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Women run Latvia. The Baltic country with 2 million inhabitants is the only EU member state where women occupy the majority of management posts in different enterprises, according to data from Eurostat. Of the 54,540 Latvians classified as managers, 28,778 are women. The fact that women are chief executives, managing directors, sales and marketing managers is not new. Back in 2006, almost 43% of managers in Latvia were female, the highest proportion in the EU. Many of Latvia’s top government jobs have also been held by women, including the country’s highest office: Vaira Vīķe-Freiberga served as the first female president of Latvia from 1999-2007.

“Latvia’s economy consists of many micro-enterprises, most dominated by women,” Dr. Raita Karnīte explained to Muftah. Karnīte, an economist at the Latvian Academy of Sciences, also pointed out that more women are employed than men (421,900 men, 428,300 women between the ages of 15-64).

British management expert Dr. Gloria Moss has argued that the number of female managers in Latvia has changed the business environment and allowed women to break through the glass ceiling. Professor Moss is the editor of Profiting from Diversity: The Business Advantages and the Obstacles to Achieving Diversity, which includes a chapter on Latvia. “A major factor holding women back are job criteria rooted in male-typical rather than female-typical behaviors,” write Moss and her co-authors David Farnham and Caryn Cook. In Latvia, however, there is an acceptance of people-focused styles that create fewer barriers for women’s success.

Moss and her co-authors claim that Latvia offers a “rare glimpse of how women manage when freed of the constraints of being a minority.” The authors point out that Latvia boasts “a legacy of strong women” with folklore punctuated by powerful women, and “families in which men were not at the apex.” “This is … indicative of a pervasive culture in Latvian business,” Dr. Moss told The Independent. “With women approaching parity in the Latvian workforce, transformational relationships are lived and practised almost unconsciously… This influences selection criteria and unconsciously becomes a self-replicating mindset that fosters female success.”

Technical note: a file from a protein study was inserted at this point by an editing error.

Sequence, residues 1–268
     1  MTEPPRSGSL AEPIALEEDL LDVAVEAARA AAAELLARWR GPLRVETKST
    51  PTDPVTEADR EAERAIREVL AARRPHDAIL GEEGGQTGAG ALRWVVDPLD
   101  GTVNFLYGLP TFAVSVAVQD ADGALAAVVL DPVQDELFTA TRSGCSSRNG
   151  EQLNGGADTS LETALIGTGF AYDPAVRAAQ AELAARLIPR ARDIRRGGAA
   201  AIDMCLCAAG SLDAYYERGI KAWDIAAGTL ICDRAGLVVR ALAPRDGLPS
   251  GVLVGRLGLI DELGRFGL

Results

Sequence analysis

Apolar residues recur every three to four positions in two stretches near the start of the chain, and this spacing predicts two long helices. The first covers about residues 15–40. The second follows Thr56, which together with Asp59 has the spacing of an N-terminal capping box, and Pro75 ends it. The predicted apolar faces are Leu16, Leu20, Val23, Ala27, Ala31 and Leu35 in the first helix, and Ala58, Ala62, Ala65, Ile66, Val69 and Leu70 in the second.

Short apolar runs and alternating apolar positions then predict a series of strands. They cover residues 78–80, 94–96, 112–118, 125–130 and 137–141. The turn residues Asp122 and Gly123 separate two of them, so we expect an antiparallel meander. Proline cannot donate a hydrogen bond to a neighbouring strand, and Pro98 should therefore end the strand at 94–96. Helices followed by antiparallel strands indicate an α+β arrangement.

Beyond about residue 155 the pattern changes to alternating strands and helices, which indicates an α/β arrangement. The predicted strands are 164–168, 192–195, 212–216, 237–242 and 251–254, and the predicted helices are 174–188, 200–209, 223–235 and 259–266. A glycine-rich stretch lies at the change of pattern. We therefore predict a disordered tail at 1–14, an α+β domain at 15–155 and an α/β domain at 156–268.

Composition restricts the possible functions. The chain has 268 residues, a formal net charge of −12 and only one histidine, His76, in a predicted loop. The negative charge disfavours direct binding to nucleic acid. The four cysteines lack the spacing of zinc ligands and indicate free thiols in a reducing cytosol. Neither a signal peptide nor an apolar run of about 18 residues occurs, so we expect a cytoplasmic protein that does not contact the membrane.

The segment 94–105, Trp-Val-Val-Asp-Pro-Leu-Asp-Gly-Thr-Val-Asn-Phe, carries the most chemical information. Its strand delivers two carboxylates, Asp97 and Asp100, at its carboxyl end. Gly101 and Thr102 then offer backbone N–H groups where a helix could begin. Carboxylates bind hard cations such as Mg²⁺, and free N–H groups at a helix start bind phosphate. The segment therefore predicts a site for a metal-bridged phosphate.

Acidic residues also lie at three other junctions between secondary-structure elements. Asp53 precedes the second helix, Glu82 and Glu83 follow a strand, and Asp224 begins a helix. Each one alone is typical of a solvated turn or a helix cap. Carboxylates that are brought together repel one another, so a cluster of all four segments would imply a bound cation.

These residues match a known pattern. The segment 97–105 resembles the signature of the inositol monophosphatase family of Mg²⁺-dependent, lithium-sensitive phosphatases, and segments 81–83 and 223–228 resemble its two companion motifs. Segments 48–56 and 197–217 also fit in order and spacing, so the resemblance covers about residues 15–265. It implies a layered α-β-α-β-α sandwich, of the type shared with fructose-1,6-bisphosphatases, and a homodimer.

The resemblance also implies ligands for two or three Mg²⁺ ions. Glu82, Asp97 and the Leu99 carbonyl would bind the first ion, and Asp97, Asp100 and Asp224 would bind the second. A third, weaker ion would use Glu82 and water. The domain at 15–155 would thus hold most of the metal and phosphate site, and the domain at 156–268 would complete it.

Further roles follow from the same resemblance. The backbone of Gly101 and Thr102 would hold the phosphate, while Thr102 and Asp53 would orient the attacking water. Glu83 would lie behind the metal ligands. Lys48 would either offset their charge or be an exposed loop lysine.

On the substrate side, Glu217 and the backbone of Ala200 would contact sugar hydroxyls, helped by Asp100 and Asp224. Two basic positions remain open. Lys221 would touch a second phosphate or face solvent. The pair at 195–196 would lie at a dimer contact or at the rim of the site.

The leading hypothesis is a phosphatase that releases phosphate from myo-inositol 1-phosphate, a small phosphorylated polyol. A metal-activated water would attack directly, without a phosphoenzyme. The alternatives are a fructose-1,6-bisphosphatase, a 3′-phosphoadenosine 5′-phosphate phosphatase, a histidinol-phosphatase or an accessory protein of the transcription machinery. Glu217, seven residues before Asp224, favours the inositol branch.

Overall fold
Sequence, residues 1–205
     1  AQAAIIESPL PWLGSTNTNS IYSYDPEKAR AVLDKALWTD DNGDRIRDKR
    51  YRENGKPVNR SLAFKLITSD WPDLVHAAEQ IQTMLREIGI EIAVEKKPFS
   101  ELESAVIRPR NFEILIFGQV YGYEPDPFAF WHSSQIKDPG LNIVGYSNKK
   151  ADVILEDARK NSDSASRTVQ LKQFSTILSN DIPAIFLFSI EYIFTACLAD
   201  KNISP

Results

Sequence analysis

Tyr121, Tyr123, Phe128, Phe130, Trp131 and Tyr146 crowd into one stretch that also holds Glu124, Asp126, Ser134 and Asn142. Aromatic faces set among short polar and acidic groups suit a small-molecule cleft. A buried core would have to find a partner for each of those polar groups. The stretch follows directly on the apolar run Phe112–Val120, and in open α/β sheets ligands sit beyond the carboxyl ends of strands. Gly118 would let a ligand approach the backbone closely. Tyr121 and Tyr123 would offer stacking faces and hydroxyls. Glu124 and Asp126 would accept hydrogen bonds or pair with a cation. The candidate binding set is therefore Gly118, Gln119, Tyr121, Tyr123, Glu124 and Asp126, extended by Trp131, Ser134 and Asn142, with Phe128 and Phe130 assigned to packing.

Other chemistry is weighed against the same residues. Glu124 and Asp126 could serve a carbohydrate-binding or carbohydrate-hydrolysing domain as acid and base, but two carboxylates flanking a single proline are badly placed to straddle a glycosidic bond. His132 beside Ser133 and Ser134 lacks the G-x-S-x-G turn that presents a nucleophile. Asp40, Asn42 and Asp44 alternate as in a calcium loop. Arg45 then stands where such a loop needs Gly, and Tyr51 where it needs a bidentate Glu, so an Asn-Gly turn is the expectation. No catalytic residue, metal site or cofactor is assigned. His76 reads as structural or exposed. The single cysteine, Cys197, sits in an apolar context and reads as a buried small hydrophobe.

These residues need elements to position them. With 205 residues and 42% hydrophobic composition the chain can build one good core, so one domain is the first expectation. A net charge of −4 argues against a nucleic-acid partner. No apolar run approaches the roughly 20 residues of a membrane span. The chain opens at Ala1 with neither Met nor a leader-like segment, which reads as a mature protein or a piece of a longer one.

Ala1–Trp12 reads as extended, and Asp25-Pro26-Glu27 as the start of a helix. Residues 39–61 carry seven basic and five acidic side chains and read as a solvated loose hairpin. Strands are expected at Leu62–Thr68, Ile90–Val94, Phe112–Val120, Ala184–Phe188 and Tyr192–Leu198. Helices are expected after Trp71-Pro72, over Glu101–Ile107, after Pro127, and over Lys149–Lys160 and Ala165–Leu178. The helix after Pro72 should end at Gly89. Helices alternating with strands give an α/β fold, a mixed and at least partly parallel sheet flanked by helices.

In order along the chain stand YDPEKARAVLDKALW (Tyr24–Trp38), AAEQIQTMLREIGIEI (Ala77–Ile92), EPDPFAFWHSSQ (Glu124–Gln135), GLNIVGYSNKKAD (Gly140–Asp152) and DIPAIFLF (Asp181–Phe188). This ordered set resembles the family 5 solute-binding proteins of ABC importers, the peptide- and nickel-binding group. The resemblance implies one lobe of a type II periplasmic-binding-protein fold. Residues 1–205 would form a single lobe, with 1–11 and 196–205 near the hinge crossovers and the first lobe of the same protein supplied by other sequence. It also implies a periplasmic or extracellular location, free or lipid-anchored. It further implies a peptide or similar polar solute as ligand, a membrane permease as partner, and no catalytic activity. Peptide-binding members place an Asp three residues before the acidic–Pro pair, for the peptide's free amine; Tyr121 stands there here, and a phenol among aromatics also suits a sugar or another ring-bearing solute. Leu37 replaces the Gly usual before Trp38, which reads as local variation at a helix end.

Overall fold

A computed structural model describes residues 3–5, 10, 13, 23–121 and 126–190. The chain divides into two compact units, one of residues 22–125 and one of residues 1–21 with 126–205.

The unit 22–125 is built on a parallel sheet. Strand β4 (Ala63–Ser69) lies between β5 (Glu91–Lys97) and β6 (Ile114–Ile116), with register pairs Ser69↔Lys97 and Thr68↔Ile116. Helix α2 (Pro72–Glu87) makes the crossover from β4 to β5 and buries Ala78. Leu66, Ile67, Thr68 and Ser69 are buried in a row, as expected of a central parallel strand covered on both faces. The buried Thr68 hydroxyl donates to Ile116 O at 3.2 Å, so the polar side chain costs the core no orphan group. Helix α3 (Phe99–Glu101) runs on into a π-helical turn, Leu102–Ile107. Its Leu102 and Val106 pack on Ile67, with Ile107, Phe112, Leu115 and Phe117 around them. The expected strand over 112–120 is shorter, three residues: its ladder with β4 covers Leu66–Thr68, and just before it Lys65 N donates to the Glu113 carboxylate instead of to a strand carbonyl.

Even though Latvian women may have broken through the glass ceiling, they still earn less than their male counterparts. According to Eurostat, the gender pay gap in Latvia is 17.6 % — which is about the same as in Slovenia (12.4%), Belgium (13.6%), Bulgaria (15%), Ireland (15.9%), Cyprus (16%), Spain (16.2%), Sweden (16.3%) and Lithuania (18.8%).

Nevertheless, women in Latvia are making incredible strides and setting a standard for women in Eastern Europe and around the world.

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